I’m not sure exactly when, but suddenly, the penny dropped…EVERYBODY is in here to improve..
Despite entering the gym to improve my fitness 6 years ago, without a doubt, many thoughts wondered across my mind (as I’m sure many do) as I scanned the room… how on earth do you / can you do this?
What if I drop something and hurt my hand, what if I get trapped in that press, what if I look stupid, what if they think I shouldn’t be here. I’m not sure how removed from other people’s experiences that thought process was but I remember those moments from years back.
I’m not sure exactly when, but suddenly, the penny dropped…EVERYBODY is in here to improve…The gym “doesn’t know what they’re doing” memes seemed to have gone – or certainly replaced with words of encouragement, appreciation that if you see a beginner, people acknowledge & celebrate a start of a journey.
One of many aspects that I celebrate is the ability to feel comfortable to try new ways of working. With Cerebral Palsy, I have a natural curiosity to challenge & adapt throughout many areas and the gym is no different. THIS is why I celebrate training so much for the disabled community. Everyone has a unique, equal platform to work from, different goals and obstacles to overcome. The fitness community are as one to push themselves to new levels.
My personal adaptions currently include…
– Ankle Strap for Left sided cables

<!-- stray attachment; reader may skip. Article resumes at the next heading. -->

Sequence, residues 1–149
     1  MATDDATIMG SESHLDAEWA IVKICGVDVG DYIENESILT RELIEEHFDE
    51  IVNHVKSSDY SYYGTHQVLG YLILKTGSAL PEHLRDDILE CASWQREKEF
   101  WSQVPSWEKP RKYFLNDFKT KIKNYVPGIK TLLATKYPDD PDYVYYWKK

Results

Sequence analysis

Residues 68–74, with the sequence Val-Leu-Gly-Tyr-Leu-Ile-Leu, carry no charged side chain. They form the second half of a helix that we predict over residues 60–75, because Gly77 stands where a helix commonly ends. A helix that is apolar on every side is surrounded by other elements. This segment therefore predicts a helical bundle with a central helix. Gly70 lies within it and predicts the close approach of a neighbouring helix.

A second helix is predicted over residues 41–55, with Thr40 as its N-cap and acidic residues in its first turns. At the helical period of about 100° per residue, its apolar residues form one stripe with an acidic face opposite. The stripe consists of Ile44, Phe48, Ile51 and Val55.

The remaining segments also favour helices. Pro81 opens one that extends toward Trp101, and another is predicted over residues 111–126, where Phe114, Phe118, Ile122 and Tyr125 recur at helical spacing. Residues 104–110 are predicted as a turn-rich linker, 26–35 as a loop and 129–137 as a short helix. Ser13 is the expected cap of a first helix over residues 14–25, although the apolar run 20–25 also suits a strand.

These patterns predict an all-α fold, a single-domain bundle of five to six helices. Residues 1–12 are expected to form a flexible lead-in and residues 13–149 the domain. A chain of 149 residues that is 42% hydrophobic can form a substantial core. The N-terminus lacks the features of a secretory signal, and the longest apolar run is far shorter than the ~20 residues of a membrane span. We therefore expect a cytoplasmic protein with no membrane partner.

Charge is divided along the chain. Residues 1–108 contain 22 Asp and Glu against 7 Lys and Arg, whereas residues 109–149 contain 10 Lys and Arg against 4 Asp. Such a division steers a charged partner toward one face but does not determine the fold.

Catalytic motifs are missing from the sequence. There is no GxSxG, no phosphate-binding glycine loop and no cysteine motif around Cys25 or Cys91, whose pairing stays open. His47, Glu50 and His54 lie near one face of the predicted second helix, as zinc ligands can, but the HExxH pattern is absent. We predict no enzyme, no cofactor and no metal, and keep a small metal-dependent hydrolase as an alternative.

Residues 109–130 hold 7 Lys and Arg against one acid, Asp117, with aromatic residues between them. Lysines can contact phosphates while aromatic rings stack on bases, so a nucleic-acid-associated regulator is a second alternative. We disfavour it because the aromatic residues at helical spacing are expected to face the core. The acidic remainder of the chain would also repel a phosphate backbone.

– Wrist support to hold my hand in a secure position
– Liquid chalk (The position my hand sits in results in a softer palm, after discovering the use of chalk for lifts, it assists grip)
Whilst there wasn’t a manual to set me on my course, a number of early PT sessions helped me to learn form and expertise as to discover getting through obstacles.
The development of my training has never really ceased. There is so much joy to be had from testing new techniques, seeing what works for you & changing the routine to make improvements and evolve.
What ignited this blog piece was a new technique I’ve tried (inspired by Emma Hyndman, The Posing Pro…Thanks Emma!), involved changing my grips (using ankle straps) for both left and right arms for a Lat variation using cables…
Check out the video below…
The nature of my training programmes I have used encourage and almost demand rotation (suited to my ability and goals I’ve set)
My message here to keep trying new adaptions to train, start with a low weight and try out what suits your movement structure, seek advice if you’re not sure, but remember, everyone is there to try and make improvements, to try and see how far they can take their ability. You too, have got this!!